NEW YORK, May 31(GenomeWeb News) - A New Center of Excellence in "Nutrigenomics" is getting cooking in Auckland, New Zealand, with a generous helping of NZ$19.2 million ($12.1 million) in financing from the New Zealand government, according to a report in today's New Zealand Herald.
The Center, which is a partnership between the University of Auckland and the government agencies Crop and Food Research, AgResearch, and HortResearch, is studying the relationship between human genes and diet.
It is being directed by Lynnette Ferguson, a professor of nutrition at Auckland University, according to the report.
Julian Heyes, a scientist in Crop and Food Reseach, told the newspaper that the research might provide benefits to people with Crohn's disease, a condition that causes bowel irritation and is in many cases linked to a specific gene mutation. The research would examine which diet is optimal for people with Crohn's disease and why, said Heyes.
In the past year this area of "nutrigenomics," or nutritional genomics, has begun to take shape and several firms have seen this as a new market opportunity for genomics technologies. For example, in late 2003 Genaissance therapeutics licensed its HAP genotyping technology to consumer products firm Sciona for this type of research.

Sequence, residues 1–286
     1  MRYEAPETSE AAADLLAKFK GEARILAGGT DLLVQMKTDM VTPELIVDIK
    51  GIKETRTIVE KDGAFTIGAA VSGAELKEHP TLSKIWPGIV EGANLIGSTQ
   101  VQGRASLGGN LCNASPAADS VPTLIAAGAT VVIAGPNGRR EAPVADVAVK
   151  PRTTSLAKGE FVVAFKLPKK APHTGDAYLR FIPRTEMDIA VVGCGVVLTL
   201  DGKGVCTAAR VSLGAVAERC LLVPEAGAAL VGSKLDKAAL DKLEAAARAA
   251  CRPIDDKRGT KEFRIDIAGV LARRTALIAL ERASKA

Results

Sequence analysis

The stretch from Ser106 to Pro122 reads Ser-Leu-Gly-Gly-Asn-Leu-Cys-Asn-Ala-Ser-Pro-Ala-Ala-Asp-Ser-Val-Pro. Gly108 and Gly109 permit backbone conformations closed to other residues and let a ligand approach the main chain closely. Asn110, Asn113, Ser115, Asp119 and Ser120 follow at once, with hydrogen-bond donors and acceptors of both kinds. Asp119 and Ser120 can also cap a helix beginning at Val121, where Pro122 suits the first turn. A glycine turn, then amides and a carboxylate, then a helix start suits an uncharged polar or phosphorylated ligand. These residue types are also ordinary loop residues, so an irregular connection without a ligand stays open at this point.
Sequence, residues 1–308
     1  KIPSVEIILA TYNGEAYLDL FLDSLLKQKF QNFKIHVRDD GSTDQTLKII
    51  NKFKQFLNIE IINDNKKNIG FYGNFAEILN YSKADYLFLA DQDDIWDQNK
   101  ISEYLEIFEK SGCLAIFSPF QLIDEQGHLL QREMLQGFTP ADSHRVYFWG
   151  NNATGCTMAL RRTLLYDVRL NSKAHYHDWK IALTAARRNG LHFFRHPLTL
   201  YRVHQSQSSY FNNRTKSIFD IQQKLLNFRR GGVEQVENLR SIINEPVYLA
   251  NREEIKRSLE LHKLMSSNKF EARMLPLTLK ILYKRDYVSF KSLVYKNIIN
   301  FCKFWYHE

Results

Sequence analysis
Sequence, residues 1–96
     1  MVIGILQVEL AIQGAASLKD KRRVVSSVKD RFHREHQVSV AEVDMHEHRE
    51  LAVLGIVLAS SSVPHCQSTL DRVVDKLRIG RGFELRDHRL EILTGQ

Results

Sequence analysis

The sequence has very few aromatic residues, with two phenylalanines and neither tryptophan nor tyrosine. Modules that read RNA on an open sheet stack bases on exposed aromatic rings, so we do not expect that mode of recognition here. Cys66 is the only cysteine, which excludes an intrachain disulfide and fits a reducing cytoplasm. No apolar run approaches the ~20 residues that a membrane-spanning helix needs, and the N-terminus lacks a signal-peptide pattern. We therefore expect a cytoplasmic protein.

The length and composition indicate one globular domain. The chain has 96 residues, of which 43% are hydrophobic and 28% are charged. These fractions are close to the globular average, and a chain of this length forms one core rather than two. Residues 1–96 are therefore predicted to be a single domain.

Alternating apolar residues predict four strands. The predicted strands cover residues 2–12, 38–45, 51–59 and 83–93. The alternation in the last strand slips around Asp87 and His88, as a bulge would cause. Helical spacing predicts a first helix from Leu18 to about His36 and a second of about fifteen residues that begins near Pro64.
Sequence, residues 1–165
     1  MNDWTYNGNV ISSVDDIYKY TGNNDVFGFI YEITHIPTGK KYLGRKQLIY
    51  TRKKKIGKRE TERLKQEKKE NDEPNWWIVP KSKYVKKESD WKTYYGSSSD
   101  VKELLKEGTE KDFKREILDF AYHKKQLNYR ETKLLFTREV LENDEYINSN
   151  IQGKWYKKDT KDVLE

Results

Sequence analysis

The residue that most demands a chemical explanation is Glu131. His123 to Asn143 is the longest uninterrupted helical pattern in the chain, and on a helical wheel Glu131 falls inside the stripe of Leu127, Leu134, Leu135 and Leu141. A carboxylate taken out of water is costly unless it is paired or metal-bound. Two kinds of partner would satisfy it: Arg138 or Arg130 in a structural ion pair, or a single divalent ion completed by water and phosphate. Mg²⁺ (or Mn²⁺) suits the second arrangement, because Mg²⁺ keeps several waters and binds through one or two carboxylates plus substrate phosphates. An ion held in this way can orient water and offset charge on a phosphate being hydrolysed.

Additionally, scientists have begun to explore the ethical considerations surrounding nutritional genomics.
Several nutritional genomics conferences have additionally been held to provide a forum for research in the field. The next such conference, the European Nutrigenomics Conference, will be held in Waginengen, the Netherlands, between Sept. 8th and 10th this year. (See http://nutrigene.4t.com/nugo-week%202004.pdf). It is sponsored by NUGO, the European Nutrigenomics Organization.